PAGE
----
What Ever Happened to Contemporary Press?
I loved the raw noir books that Contemporary Press published, for example, the two Danger City anthologies as well as Tony O’Neill’s Digging the Vein (fantastic junkie lit) and Mike Segretto’s The Bride of Trash. But then, they stopped putting out new books! I decided to contact some of the people and find out what was up. Jeffrey Dinsmore informed me that many of their titles are still available and they hope to publish more books in the future. So, according to him, they are only on haitus. I highly recommend buying some of thier books– which you can find out more about here— if you like funny, dark, inappropriate crime books- think an updated Jim Thompson on meth and the occasional speedball or as GQ said, “books for people who like to drink while they read”. Dinsmore said you also can still get many of their titles from Amazon and other large booksellers, too. And Mike Segretto is putting out his own novel, Curse of The Tarantula, and it will be as over the top and entertaining as his other Contemporary Press work. Here’s what Mike Segretto had to say about the short life (that is not quite over necessarily!) of Contemporary Press:
The main reason the company went south was because we were seven creative people…writers, editors, artists, and ad-men…but none of us had a head for business. We never really figured out the best way to promote our books or take advantage of our opportunities, and we were always falling ass-backwards into some sort of bizarre opportunity. Before we even published a single book, a writer from GQ Magazine wrote a piece about us. That lead to getting a major distributor, PGW (Publishers Group West), before the company had even been around for a year. That lead to me getting interest from a producer who wanted to turn my first book, “Dead Dog“, into a movie.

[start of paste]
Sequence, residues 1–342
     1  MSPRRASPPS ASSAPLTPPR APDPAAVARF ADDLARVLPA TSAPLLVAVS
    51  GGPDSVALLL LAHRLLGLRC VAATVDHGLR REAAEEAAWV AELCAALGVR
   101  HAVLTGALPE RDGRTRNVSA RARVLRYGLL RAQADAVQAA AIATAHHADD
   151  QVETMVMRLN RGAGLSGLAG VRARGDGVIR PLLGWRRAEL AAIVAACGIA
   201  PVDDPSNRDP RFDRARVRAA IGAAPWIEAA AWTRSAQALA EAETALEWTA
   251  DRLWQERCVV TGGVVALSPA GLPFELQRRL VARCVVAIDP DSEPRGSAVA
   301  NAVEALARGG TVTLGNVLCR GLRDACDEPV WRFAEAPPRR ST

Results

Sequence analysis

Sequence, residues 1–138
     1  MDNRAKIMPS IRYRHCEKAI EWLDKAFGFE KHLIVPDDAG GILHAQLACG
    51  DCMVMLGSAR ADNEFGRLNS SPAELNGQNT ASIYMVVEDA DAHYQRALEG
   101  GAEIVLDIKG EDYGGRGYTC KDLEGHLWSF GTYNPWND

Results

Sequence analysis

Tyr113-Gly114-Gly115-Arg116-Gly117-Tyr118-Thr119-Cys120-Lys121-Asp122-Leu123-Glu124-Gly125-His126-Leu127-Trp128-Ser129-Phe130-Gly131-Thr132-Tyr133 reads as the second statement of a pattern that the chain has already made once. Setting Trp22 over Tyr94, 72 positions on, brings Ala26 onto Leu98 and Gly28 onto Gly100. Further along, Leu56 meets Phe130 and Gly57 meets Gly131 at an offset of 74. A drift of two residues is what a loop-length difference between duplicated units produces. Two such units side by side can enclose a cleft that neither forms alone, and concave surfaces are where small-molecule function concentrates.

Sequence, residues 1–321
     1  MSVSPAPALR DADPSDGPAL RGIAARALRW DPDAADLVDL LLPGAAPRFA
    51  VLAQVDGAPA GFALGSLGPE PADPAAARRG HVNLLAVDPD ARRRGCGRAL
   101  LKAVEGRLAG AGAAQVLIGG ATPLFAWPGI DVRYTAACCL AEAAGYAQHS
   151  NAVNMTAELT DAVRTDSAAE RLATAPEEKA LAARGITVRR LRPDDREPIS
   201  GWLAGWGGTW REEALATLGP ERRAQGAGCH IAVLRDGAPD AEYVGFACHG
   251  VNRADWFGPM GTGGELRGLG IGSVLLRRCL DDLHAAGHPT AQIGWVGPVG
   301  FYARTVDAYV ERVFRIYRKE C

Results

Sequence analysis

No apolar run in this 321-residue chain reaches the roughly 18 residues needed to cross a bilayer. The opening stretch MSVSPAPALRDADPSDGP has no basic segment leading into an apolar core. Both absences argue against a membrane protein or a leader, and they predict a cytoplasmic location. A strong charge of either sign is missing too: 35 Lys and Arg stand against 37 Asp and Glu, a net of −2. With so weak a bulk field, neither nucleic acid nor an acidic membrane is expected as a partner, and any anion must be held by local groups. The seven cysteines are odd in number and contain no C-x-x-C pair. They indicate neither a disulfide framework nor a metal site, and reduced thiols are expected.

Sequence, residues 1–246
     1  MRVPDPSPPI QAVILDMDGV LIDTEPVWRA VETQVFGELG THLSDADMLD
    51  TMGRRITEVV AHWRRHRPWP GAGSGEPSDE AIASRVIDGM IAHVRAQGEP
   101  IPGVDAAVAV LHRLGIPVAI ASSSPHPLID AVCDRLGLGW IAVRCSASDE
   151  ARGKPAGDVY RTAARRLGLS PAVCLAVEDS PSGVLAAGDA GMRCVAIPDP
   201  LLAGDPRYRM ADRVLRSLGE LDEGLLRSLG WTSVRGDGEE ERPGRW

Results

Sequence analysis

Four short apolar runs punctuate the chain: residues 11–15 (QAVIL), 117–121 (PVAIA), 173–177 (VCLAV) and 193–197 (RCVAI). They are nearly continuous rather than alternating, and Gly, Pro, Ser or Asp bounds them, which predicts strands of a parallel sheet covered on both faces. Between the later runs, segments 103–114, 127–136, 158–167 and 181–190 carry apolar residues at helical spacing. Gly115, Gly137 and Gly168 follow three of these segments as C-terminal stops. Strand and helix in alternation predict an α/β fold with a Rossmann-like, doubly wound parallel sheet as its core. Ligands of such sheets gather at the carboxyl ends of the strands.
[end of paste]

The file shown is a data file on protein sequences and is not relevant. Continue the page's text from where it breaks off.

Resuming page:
Still, with all these great opportunities, we couldn’t figure out the best way to sell our stuff. Part of the problem was that we desperately needed a business manager but couldn’t afford to pay one. We wasted a lot of time, money, and energy on silly things like throwing huge book-launch parties. We all had a great time and got stinking drunk, but the parties never gave us a rise in sales. I don’t think anyone really took the business side of things very seriously. We used to have our weekly meetings in loud bars around Manhattan and Brooklyn, and those meetings usually involved a few minutes of discussing business. The rest of the night would be spent getting loaded and shouting at each other. But the opportunities kept coming. At one point, we’d nearly run out of cash and a wealthy friend of one of the guys in the company gave us a few thousand dollars to keep ourselves afloat. That helped us to put out a few more books, but it wasn’t enough to keep the business going for more than another nine months or so. Then a couple of the partners moved to Los Angeles, so the focus got even more diffuse.